What is the most cost effective way to grow Cannabis?

11/7/2017 10:55:29 AM,
Brian Gardener replied:

There are many ways to grow legal Cannabis successfully. However, the cost effectiveness of each will depend largely on location, type of production, the scale of production, and the costs of labor employed. 

When and where outdoor growing conditions are favorable and allowed, capital and input costs are lowest. However, in most states, legal production of marijuana must be done in greenhouses or warehouses. Such production requires significant capital investments in lighting, temperature, and humidity control systems, so comparing initial costs versus lifetime costs of different options is key.

An operation’s choice of growing medium, fertilizer, and irrigation practices also will greatly influence production cost efficiencies. Soil- and potting-mix based systems that are hand-watered will cost less to implement and maintain, but they also require more labor than hydroponic systems that rely on automated fertigation. As for inputs, dry granular fertilizers that are incorporated into growing media are much less expensive than soluble salts and hydroponic solutions. And, both indoors and outdoors, organic production practices tend to reduce overall input costs by improving yields and quality while reducing the need for more costly pesticides.

While there is no “one size fits all” model to optimize returns, there is one general pattern worth noting.  Smaller operations (e.g. < 1,000 lbs. dry product per year) tend to do better with more manual growing programs. These cultivators rely mostly on incorporated fertility and hand watering by labor also involved in harvesting and trimming. In contrast, successful larger operations (e.g. >10,000 lbs. dry product) tend to rely more on automation, labor specialization, and redundancy to prevent system failures that could reduce profitability.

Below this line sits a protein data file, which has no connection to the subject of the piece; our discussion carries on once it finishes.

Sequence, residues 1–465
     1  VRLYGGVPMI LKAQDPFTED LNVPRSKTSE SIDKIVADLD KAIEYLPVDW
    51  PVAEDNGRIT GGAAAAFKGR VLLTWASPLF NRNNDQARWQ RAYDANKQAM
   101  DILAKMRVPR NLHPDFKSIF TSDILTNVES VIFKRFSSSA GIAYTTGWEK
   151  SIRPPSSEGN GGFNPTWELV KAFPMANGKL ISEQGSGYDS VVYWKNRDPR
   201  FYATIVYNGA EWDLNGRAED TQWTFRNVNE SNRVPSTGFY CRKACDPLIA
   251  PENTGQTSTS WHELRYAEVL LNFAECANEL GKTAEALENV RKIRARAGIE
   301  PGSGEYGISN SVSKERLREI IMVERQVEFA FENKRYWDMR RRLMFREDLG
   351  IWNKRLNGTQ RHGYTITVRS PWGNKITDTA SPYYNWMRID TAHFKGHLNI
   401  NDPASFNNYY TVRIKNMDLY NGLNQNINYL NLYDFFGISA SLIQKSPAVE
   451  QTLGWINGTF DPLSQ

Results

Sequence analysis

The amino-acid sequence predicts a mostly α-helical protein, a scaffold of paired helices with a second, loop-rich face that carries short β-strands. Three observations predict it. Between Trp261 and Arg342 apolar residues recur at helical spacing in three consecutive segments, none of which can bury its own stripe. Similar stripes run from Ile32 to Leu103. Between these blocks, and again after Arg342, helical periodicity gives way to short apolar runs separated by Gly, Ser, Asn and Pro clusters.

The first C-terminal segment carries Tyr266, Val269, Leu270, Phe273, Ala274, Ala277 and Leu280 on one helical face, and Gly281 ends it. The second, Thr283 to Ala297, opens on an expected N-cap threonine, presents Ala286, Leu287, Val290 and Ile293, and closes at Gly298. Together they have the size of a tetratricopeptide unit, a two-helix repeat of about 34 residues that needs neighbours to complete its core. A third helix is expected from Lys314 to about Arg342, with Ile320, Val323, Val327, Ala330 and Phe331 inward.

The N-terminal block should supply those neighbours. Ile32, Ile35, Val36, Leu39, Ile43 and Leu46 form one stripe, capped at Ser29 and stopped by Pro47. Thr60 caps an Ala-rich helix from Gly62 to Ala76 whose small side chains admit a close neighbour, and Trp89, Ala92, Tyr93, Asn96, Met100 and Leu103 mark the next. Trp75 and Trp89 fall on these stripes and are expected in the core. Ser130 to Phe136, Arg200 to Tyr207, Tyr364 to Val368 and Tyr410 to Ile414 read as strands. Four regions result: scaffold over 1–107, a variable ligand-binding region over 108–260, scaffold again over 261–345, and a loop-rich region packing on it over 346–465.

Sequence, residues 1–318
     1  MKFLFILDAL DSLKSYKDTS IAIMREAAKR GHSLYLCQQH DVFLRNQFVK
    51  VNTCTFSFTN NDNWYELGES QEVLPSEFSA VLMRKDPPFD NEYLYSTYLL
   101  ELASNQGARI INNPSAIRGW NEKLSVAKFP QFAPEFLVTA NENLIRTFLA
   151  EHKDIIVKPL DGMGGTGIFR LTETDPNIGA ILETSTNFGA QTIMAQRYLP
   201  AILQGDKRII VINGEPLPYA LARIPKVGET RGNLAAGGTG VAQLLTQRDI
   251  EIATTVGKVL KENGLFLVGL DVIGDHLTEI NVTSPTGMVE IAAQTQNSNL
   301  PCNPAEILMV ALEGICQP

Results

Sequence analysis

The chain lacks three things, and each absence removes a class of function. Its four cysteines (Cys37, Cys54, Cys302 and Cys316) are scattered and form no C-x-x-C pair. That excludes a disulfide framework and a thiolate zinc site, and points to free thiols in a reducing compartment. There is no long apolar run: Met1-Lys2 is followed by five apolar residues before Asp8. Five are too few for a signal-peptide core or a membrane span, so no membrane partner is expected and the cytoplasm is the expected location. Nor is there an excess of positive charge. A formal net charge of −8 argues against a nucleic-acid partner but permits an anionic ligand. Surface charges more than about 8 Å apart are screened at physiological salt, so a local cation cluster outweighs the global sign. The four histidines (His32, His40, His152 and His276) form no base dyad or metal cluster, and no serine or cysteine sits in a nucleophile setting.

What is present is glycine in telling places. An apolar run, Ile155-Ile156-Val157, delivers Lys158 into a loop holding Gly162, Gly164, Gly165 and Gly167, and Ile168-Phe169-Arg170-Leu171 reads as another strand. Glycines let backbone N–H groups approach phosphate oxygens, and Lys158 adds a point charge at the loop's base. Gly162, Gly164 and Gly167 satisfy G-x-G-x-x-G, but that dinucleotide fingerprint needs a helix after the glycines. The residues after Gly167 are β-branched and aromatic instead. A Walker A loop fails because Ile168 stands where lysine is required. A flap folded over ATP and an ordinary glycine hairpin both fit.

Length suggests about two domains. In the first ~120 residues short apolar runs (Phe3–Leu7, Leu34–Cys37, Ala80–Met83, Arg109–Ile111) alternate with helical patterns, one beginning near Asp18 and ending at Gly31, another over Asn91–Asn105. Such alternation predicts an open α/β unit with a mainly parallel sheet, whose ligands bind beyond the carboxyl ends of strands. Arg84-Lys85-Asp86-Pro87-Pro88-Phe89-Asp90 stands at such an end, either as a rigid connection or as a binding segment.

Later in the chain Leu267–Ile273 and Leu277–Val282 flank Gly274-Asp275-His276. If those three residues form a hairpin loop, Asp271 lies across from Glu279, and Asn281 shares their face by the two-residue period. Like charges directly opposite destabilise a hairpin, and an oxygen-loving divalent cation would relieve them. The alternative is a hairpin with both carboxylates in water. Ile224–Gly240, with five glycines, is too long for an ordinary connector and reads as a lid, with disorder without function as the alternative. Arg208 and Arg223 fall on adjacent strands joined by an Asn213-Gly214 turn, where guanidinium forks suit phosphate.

11/7/2017 10:55:29 AM,
Brian Gardener replied:

There are many ways to grow legal Cannabis successfully. However, the cost effectiveness of each will depend largely on location, type of production, the scale of production, and the costs of labor employed. 

When and where outdoor growing conditions are favorable and allowed, capital and input costs are lowest. However, in most states, legal production of marijuana must be done in greenhouses or warehouses. Such production requires significant capital investments in lighting, temperature, and humidity control systems, so comparing initial costs versus lifetime costs of different options is key.

An operation’s choice of growing medium, fertilizer, and irrigation practices also will greatly influence production cost efficiencies. Soil- and potting-mix based systems that are hand-watered will cost less to implement and maintain, but they also require more labor than hydroponic systems that rely on automated fertigation. As for inputs, dry granular fertilizers that are incorporated into growing media are much less expensive than soluble salts and hydroponic solutions. And, both indoors and outdoors, organic production practices tend to reduce overall input costs by improving yields and quality while reducing the need for more costly pesticides.

While there is no “one size fits all” model to optimize returns, there is one general pattern worth noting.  Smaller operations (e.g. < 1,000 lbs. dry product per year) tend to do better with more manual growing programs. These cultivators rely mostly on incorporated fertility and hand watering by labor also involved in harvesting and trimming. In contrast, successful larger operations (e.g. >10,000 lbs. dry product) tend to rely more on automation, labor specialization, and redundancy to prevent system failures that could reduce profitability.